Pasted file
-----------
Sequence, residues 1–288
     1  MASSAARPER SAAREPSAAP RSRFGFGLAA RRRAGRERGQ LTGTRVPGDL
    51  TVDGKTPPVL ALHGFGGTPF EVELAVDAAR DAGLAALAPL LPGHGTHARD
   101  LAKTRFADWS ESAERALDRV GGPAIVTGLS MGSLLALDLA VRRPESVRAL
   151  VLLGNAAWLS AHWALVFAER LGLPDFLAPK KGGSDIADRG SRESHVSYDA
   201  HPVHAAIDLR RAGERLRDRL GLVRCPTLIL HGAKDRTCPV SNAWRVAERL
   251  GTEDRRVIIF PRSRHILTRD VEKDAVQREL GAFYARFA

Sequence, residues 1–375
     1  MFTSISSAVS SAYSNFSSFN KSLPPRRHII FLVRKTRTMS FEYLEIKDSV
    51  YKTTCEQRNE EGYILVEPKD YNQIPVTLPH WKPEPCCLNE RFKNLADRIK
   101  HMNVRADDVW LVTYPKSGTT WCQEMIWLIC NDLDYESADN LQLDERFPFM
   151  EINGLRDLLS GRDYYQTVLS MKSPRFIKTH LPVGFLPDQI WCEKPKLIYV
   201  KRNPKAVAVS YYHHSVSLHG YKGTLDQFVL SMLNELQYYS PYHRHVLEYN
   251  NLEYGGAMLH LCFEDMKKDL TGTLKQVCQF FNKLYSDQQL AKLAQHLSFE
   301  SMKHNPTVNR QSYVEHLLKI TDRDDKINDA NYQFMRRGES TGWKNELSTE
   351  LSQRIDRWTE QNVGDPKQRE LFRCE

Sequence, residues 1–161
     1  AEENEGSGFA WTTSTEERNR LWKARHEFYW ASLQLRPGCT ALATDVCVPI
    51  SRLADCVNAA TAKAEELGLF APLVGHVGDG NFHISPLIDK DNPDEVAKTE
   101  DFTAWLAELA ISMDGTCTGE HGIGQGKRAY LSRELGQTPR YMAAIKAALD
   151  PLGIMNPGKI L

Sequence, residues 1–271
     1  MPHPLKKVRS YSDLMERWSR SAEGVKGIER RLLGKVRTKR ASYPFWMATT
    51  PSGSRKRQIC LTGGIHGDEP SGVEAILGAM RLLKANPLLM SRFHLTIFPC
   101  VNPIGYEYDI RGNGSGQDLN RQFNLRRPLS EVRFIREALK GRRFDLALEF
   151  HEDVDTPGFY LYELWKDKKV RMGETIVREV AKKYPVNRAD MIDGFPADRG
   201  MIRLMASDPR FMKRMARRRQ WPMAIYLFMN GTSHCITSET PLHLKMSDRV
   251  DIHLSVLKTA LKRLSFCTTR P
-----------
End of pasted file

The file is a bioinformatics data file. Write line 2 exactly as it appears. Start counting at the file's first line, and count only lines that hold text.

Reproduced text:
     1  MASSAARPER SAAREPSAAP RSRFGFGLAA RRRAGRERGQ LTGTRVPGDL